January 24, 2019 at 3:22 p.m.
The Chisago County Historical Society’s new “Toys of Yesteryear” exhibit features late19th century and popular 20th century toys. These range from wood and metal toys to cast iron banks and GI Joes, replete with foot locker, survival gear and life raft. Nearby you’ll find three large glass cases filled with dozens of Barbies plus Ken and their friends.
An impressive FAO Schwarz doll house, furnished in exquisite detail, forms the centerpiece of the nostalgic exhibit. The dollhouse family is about to enjoy a miniscule loaf of bread emerging from the oven, and tiny pots and pans fill the sink in the 1940s-style kitchen. The more you look, the more fascinating details your eye will find in the two-story, two-sided structure.
Lin Strong, one of the Society’s directors, and editor of the Society’s History Journal, points out that virtually all of the toys in the current exhibit are on loan from Society members such as Arild Hagberg, Carol Dahlquist and Tarri Saba. She appreciates their willingness to loan personal items as the Society is very selective in accepting donated materials due to its limited storage space.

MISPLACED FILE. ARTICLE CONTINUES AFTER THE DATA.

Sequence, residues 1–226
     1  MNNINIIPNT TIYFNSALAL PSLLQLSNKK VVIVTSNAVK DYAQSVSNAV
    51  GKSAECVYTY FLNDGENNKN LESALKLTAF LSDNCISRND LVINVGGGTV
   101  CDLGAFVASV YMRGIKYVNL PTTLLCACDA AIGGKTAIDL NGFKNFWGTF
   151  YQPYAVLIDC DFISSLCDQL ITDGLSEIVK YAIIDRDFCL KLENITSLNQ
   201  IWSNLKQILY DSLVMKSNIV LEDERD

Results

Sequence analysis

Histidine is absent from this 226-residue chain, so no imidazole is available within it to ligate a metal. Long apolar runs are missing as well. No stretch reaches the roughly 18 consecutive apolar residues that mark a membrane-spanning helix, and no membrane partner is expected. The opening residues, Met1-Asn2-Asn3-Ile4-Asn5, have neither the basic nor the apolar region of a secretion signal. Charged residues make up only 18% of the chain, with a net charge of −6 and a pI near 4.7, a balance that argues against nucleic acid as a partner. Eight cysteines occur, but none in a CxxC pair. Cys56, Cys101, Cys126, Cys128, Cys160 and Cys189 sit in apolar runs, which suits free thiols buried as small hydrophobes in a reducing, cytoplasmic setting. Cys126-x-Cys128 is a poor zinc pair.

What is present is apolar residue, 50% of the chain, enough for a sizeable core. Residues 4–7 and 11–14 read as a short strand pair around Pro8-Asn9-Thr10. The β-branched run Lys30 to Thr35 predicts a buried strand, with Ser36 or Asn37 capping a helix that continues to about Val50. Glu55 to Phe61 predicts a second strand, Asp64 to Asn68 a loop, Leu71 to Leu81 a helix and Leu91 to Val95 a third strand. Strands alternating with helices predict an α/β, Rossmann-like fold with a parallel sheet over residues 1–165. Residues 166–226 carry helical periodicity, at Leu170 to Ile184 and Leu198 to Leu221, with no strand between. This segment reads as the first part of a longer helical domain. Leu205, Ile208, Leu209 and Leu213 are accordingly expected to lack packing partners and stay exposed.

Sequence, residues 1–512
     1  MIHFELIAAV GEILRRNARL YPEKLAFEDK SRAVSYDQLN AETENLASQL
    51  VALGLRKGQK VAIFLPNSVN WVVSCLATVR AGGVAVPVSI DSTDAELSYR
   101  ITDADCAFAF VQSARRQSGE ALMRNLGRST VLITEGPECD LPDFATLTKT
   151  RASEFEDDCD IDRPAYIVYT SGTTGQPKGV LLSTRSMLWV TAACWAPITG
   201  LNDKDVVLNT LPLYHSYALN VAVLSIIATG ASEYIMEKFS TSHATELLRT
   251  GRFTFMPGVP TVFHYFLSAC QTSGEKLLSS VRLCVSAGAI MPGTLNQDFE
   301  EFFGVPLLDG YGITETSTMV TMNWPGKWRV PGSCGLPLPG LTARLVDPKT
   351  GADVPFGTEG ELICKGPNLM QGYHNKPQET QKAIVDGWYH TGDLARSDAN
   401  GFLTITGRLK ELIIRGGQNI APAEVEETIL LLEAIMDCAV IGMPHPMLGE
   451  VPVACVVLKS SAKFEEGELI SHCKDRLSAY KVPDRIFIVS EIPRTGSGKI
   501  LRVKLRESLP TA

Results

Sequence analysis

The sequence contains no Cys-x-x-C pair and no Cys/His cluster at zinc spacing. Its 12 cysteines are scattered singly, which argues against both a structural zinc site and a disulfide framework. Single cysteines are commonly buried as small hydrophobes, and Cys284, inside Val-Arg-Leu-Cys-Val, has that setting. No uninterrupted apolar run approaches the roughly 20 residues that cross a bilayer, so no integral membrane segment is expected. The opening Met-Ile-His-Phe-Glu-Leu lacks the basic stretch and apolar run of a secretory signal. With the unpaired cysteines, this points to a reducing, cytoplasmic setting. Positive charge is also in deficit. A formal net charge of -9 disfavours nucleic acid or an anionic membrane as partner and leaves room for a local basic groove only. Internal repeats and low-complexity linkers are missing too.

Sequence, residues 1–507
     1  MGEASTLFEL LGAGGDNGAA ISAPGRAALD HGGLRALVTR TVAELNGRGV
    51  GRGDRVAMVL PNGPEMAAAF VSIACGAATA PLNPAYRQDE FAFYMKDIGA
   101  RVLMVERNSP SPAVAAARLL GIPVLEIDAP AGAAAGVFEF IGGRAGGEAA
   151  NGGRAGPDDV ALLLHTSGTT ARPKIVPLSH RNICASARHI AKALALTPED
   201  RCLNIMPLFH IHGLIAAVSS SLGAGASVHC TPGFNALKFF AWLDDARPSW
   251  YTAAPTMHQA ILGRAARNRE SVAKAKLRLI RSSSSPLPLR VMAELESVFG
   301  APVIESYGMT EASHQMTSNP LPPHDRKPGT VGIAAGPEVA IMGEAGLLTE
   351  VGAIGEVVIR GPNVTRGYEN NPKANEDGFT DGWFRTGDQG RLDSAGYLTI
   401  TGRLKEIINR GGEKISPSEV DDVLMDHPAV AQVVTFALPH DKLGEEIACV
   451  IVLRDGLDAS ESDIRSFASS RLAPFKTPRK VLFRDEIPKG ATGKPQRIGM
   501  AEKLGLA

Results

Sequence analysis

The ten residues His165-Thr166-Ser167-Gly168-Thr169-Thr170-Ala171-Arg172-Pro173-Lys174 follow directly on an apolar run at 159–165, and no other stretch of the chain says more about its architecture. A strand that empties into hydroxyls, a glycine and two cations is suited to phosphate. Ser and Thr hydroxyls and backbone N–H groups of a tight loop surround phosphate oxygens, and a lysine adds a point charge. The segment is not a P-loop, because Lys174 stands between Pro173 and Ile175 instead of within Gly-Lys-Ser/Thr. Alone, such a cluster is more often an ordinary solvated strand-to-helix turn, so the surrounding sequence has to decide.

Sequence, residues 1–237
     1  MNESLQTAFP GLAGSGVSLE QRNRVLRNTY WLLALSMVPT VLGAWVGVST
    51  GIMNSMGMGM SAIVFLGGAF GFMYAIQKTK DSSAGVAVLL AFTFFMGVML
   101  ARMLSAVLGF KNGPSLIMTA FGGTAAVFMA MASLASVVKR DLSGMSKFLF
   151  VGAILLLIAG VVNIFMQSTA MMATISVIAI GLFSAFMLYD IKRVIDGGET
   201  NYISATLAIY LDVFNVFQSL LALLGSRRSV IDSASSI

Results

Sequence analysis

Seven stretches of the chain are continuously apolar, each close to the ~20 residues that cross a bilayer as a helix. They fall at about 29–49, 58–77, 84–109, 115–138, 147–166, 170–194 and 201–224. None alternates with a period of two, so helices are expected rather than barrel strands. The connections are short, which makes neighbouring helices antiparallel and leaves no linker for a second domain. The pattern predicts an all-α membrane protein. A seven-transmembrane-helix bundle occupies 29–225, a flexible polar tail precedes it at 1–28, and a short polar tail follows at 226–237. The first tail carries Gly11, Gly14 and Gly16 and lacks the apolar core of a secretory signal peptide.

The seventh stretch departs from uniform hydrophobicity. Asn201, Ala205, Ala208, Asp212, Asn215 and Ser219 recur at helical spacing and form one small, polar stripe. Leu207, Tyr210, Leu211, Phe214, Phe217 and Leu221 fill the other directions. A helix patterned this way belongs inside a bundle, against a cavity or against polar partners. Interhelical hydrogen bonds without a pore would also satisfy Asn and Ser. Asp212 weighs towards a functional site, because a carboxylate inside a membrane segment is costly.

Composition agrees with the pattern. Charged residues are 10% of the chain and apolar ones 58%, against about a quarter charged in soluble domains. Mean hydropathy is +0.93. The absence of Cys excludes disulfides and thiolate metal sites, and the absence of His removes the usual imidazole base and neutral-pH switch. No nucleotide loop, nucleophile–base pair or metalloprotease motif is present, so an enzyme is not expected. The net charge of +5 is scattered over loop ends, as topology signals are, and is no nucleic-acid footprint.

Lindstrom resident Saba provided the dollhouse and the Barbies. Her extensive collection spans six decades of changing fashion for the curvaceous doll introduced March 9, 1959, as Barbie Millicent Roberts of Willow, Wis. The first Barbie commercial aired on the The Mickey Mouse Club television show. The doll sold for $3 and her outfits for $1 to $5.
Saba does not own Barbie Number One, Two or Three, but acknowledges her favorite is Barbie Number Five, “Plantation Belle,” released in 1960. Belle’s gloves, lace-trimmed dress, tiny straw handbag and perfectly crafted hat make the beautiful brunette doll a standout.
“The costumes on the early Barbies were meticulously made, with real zippers and tiny buttons,” Saba adds.
Men, women, and school-age girls and boy will enjoy exploring the Toys of Yesteryear display. History Center winter hours are 10 a.m. to 4 p.m. Monday, Tuesday, Friday and Saturday. Toys will remain on display now through April 15. Admission is free.
For those in a buying mood, the History Center also sells antique dishes and silverware, interesting Lindstrom souvenirs and old-fashioned candy as well as maple syrup, honey and lingonberries on a year-round basis.